2. Eisenhower Matrix

This tool helps prioritize tasks based on urgency and importance, and you can use it to quickly determine which tasks to delegate. Tasks that are important but not urgent are often ideal candidates for delegation, allowing you to focus on urgent and critical tasks.

The matrix divides tasks into four quadrants:

  • Urgent and Important (Do First): Tasks that require immediate attention and also have significant long-term impacts.
  • Important but Not Urgent (Schedule): Tasks that are important for long-term success but do not require immediate action. These are often best scheduled for later.
  • Urgent but Not Important (Delegate): These tasks need to be done soon but are less crucial for your personal attention. They are ideal for delegation.
  • Neither Urgent nor Important (Eliminate): These tasks can be dropped or ignored with little or no consequence.

Delegating tasks that fall into the “Urgent but Not Important” quadrant allows leaders to focus on what truly requires their expertise while empowering team members to handle the urgent matters that are less critical to the core objectives of the leadership role. Once leaders build trust and capabilities within their team, they can begin to delegate tasks and projects outside of this quadrant, but this is the best place to start if you are not yet comfortable delegating.

eisenhower matrix


3. Effective Request Checklist

Unclear requests lead to unmet expectations. An effective request is clear, concise, and includes all necessary information. When you are delegating, ensure you communicate the task’s purpose, expected outcome, and deadline. The checklist in this article will help you make requests that empower your delegate to execute tasks efficiently and effectively.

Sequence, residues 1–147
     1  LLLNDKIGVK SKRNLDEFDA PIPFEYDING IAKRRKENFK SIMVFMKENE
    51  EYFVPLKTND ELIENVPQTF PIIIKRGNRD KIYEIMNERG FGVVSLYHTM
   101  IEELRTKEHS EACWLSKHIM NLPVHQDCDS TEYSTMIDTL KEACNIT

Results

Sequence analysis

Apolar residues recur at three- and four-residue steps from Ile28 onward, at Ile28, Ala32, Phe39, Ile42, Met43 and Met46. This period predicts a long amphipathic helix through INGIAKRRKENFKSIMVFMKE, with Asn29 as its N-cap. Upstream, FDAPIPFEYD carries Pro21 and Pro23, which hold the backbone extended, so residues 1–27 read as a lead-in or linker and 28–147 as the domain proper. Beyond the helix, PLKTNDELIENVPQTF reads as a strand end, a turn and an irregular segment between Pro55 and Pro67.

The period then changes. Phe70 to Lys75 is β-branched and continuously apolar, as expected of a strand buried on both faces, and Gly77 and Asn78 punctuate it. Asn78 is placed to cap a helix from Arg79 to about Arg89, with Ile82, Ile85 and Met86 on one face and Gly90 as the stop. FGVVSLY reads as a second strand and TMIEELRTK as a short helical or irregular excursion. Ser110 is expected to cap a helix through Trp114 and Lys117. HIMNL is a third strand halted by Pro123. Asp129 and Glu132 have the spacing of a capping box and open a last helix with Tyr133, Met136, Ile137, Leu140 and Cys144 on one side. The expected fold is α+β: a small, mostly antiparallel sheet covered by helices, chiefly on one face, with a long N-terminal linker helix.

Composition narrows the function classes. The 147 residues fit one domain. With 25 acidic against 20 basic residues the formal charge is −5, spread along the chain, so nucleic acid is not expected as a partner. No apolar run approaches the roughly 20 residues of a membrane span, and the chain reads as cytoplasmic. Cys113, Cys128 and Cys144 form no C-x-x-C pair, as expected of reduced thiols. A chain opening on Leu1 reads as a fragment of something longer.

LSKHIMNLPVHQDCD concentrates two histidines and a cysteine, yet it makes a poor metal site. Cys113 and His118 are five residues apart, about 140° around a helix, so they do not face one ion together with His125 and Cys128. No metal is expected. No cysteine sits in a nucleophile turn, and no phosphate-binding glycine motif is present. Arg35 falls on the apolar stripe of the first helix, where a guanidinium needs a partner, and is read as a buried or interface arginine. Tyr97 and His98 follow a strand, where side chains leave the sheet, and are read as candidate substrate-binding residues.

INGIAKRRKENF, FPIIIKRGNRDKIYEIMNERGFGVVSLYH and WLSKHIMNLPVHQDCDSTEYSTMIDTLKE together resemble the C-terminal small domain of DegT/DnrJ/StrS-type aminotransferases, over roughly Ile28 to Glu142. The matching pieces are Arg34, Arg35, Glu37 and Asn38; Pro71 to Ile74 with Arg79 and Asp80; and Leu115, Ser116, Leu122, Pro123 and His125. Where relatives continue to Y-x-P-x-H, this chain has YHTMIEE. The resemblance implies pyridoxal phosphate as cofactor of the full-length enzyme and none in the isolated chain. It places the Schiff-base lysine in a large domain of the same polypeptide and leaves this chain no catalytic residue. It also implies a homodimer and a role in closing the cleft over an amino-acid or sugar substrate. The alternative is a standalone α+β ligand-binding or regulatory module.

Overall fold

4. Master “Sending It Back”

When a task is not done to your standard, rather than fixing it yourself (very common), this approach guides you to send it back with constructive feedback, creating a loop or series of loops for learning and development.

This is an iterative approach, where whenever the delegated task is missing something or not up to the expected standards, the leader gets involved, supporting the person with a feedback session, and then having them try again (and quite possibly, again and again).

Many leaders will just take errors and fix them, where this approach requires more time and energy on the front end, but by working in collaboration, the delegate develops their skills, building capability and accountability and creating a learning loop along the way. The mistakes made become valuable lessons, and the next time, the task or project will require almost nothing of you.

This approach is more explained well in Executive Coach and Consulting CTO, Erik Kellener’s article here.

5. Crystalize the Ideal End 

Clearly define what the successful completion of the task looks like. Describe the desired outcome in detail — what Brené Brown calls “paint done”— to ensure there is no ambiguity or room for interpretation. If possible / applicable, include specific metrics or criteria for success.